The storming of the Capitol brought even more scrutiny to the militia movement. Not only were many militia adherents indicted, but others—including the founder of the Oath Keepers, Stewart Rhodes—were kept wondering if they would be next to face charges. The Oath Keepers and other militia adherents were also among those hit with civil actions related to January 6, including a significant suit filed by the attorney general of Washington, D.C., in December. Such a lawsuit has the potential to destroy the Oath Keepers as an organized group by driving it into bankruptcy. Although the movement benefited from January 6 in some ways—hacked Oath Keepers data, for example, suggest that the group’s membership increased, at least in the short run—for the most part, the militia movement has suffered. With President Joe Biden in office, it has been able to pivot back to its traditional, conspiratorial hostility toward the federal government. But the movement has not seen anything close to the bounce it experienced when Obama took office. Although it is too soon to know for sure, it is possible that the combination of deplatforming and the aftermath of January 6 prevented or at least delayed or weakened another serious militia surge.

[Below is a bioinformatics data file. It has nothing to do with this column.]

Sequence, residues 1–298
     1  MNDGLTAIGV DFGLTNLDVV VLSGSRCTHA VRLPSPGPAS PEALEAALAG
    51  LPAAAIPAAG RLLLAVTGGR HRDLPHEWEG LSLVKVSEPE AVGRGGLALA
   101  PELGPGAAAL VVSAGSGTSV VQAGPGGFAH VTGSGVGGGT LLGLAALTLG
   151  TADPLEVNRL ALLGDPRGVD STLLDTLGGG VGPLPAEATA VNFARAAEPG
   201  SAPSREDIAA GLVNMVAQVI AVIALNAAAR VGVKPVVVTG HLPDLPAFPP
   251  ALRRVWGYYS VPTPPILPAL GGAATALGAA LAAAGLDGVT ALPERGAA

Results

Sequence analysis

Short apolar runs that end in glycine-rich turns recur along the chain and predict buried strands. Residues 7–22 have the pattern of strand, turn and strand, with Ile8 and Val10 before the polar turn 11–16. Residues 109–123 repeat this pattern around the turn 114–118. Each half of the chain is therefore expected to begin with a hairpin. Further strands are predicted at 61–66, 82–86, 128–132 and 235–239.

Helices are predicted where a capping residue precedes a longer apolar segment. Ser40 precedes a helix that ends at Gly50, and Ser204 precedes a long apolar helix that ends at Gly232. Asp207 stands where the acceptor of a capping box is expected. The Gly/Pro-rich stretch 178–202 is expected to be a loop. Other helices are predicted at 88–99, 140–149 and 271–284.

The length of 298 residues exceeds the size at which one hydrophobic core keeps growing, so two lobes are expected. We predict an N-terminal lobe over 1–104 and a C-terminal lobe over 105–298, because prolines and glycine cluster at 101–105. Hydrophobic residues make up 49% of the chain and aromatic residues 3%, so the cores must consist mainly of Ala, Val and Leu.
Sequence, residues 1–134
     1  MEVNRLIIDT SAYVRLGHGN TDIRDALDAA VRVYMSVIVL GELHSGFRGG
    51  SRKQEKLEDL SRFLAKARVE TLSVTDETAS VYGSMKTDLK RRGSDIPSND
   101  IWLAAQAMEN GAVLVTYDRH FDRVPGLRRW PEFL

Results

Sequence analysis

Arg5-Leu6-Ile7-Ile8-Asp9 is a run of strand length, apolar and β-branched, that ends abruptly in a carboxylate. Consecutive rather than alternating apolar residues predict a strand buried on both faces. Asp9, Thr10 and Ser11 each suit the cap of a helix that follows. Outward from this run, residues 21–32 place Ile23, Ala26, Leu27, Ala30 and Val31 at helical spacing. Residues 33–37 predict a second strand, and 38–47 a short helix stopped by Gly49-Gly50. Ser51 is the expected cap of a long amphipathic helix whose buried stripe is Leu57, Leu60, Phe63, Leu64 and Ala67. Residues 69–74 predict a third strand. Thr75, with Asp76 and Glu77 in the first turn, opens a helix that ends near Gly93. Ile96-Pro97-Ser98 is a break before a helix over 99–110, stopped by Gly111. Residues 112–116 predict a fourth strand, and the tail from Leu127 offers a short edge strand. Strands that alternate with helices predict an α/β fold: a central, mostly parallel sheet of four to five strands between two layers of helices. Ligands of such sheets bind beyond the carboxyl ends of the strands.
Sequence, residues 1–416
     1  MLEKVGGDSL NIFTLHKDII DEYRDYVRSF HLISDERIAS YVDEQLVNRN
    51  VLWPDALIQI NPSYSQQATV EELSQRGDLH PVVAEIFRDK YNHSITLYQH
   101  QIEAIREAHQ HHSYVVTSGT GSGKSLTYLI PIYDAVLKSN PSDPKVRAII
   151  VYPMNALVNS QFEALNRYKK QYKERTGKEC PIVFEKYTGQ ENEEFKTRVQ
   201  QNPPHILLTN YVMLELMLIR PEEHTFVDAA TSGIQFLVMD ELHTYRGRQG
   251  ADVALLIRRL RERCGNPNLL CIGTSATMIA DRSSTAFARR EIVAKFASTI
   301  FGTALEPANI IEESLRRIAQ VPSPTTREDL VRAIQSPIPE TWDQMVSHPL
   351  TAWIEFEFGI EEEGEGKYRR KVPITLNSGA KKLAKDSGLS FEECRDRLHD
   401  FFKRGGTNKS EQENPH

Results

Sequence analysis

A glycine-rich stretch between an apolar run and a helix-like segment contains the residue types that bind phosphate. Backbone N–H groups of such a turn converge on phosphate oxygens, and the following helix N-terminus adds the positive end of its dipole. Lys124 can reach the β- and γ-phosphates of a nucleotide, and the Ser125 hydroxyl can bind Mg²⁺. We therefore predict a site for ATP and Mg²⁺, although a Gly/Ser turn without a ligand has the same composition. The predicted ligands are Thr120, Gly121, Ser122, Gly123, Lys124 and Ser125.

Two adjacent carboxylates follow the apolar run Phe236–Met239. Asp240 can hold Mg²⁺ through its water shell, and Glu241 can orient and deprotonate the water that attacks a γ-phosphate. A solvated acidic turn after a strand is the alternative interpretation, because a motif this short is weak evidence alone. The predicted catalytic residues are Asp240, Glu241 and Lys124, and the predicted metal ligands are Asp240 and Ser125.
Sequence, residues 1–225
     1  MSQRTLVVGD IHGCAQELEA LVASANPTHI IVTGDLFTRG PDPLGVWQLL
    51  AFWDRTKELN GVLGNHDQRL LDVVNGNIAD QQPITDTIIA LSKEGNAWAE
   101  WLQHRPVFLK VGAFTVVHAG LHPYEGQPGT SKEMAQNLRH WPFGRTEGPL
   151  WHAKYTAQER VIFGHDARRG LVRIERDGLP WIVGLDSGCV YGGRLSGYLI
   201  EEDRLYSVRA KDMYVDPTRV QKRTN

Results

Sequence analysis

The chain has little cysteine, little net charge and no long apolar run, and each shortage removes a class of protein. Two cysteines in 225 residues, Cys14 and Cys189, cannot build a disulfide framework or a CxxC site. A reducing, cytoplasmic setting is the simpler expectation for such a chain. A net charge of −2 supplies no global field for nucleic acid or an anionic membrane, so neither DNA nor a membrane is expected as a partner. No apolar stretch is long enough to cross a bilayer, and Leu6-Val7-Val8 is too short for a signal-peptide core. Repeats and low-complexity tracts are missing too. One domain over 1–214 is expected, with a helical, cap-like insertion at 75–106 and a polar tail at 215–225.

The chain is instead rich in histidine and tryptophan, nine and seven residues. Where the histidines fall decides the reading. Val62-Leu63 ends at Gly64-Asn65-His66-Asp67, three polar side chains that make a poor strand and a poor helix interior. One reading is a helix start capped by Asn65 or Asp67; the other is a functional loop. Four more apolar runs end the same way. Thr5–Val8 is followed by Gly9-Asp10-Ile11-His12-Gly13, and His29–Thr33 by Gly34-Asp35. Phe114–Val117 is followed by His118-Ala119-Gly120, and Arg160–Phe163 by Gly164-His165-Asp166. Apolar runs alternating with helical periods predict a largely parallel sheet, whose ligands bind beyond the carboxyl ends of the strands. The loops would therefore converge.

Still, the militia movement remains dangerous. In October 2020, federal and state authorities in Michigan announced the arrest of 14 people associated with a militia group, the Wolverine Watchmen, on charges related to an alleged plot to kidnap Democratic Governor Gretchen Whitmer, who had led the state’s efforts to curb the spread of COVID-19. Since the Capitol attack, there have been more militia-related arrests. In late January 2021, the FBI arrested Ian Benjamin Rogers on weapons and explosives charges related to an alleged plot to attack the Democratic Party’s California state headquarters in Sacramento in a bid to keep Trump in office; in July, a second person, Jarrod Copeland, was also arrested for his involvement. In April, FBI agents arrested Seth Aaron Pendley, a participant in the Capitol attack, for a separate plot to attack Amazon data centers. Pendley, who has since pleaded guilty, hoped a government overreaction to such an attack would cause Americans to rise up against it. With law enforcement casting an interested eye on the movement, more such arrests are likely to happen in the future.